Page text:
This topic is normally brought up in computer science as a demonstration of how to calculate permutations but it stops there since we usually end up calculating that there are more images of a decent resolution then that of all the atoms we estimate are visible in our universe.

This makes sense because an image of a decent resolution (like the image displayed your computer monitor) should be able to contain every picture imaginable, every frame from every movie ever made and never made. It would contain every correct and incorrect mathematical equation. Or even every book/webpage that will exist or can exist. It's intriguing to think it would be possible to generate every possible image because it contains all knowledge but also all anti-knowledge which means there is a lot of stuff to sift through including lots of random noise.

The only other research into this topic that I could find is this art project, where they wrote some code to generate all 15x10 pixel black and white images which is estimated to take approximately 46 quinvigintillion or 4.6x1079 years to complete.

So is it feasible to generate every possible RGB image (of a decent resolution)?


The number of such images is exponentially large in the dimensions of the image (even after taking into account symmetries), and grows enormous rapidly. For all but very small images, no, it's not feasible to enumerate all such images within the lifetime of the solar system. (There's something wrong with your reasoning if you've concluded it's reasonably possible to enumerate all such images.)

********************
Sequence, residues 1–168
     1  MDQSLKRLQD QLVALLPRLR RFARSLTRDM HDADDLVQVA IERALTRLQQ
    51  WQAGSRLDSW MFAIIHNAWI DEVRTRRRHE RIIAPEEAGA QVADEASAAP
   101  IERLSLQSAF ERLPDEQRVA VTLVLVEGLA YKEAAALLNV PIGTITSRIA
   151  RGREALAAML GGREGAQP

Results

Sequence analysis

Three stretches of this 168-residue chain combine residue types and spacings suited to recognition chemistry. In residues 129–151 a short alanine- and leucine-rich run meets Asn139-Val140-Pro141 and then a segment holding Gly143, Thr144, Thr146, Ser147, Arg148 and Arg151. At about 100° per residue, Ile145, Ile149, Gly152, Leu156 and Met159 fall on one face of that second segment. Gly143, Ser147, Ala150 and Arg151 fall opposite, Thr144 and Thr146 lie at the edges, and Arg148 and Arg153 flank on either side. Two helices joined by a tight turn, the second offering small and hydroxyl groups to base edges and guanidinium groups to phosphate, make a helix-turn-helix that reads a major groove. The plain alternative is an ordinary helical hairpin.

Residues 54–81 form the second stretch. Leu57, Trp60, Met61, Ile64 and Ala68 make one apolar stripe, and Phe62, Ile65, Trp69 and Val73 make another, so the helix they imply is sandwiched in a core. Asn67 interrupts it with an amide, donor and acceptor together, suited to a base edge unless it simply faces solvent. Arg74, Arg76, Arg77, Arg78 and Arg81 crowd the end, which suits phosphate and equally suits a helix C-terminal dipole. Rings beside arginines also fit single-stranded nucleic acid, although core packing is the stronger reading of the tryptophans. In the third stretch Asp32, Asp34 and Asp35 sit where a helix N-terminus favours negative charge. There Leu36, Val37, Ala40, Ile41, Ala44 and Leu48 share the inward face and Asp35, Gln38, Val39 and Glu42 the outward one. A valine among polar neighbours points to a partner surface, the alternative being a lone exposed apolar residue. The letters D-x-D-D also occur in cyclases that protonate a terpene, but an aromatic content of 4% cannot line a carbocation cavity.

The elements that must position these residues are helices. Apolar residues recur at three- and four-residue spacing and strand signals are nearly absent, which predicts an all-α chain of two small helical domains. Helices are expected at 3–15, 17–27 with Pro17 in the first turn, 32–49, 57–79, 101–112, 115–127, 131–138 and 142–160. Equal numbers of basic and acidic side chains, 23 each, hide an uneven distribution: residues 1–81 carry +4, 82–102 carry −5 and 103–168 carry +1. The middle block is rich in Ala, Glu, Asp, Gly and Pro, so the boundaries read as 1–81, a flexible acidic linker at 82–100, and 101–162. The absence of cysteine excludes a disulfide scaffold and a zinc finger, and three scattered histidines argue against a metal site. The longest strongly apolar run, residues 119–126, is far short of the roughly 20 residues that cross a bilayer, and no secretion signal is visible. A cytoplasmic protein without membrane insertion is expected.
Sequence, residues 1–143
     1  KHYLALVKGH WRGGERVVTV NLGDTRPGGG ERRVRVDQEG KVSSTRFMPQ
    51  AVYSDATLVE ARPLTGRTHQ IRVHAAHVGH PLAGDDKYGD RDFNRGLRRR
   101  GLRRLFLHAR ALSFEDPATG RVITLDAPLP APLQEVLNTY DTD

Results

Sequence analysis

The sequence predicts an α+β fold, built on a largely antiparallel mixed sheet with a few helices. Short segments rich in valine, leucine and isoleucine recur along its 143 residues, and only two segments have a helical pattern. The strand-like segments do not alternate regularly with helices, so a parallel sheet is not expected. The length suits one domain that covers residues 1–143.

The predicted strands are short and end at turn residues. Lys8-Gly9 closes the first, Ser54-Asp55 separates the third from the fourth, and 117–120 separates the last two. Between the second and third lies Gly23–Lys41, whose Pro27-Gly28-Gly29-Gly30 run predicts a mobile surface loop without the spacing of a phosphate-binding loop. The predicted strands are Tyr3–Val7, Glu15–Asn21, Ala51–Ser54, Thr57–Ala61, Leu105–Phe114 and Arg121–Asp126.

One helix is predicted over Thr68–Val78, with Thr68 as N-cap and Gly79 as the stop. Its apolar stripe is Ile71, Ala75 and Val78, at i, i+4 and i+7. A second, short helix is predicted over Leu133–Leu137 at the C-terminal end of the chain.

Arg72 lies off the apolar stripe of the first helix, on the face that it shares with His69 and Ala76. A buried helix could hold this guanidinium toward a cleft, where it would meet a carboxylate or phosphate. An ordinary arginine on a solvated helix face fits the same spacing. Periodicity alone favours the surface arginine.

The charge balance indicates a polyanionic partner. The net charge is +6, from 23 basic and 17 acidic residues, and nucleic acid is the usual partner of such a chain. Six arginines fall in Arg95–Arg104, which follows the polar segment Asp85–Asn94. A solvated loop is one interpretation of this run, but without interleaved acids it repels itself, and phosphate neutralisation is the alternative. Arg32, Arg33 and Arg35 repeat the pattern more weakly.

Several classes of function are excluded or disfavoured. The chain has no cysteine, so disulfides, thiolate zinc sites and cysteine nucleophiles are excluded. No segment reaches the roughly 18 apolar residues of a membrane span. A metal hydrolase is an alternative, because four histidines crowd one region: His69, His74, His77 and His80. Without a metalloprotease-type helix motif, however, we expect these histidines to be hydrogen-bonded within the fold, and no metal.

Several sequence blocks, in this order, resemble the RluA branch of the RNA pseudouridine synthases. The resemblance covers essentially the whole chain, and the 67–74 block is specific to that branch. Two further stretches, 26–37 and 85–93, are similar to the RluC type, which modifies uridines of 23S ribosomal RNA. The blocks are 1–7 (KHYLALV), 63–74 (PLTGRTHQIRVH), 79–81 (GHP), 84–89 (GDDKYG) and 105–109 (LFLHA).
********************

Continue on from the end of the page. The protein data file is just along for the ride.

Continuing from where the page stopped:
• $\begingroup$ My premise was that it's reasonably possible to enumerate all such images but you can see in my conclusion how I say even after eliminating the brightness level equivalences (detailed more in the .nb) there are still to many to enumerate at a high resolution. I haven't seen research into eliminating equivalence cases with images. Thats the main point of what I am saying is that there are equivalence cases to be discovered and eliminated. The quip about being reasonably possible to do it is to motivate the discussion but is not intended to be the conclusion $\endgroup$ – user1886419 Jan 5 '16 at 13:25
  • $\begingroup$ @user1886419, OK. FYI, the number is still exponential even after taking into account "brighness level equivalences". A simple way to see this is to count the number of black-and-white images, and note that this is a lower bound on the number of greyscale images, even after reducing brightness level equivalences. I don't think there will be any useful set of symmetries that reduces the growth rate enough; for any plausible set of symmetries I can imagine, the growth rate is still exponential. Probably the reason you haven't seen any research into that is that it's clearly doomed to fail. $\endgroup$ – D.W. Jan 5 '16 at 17:06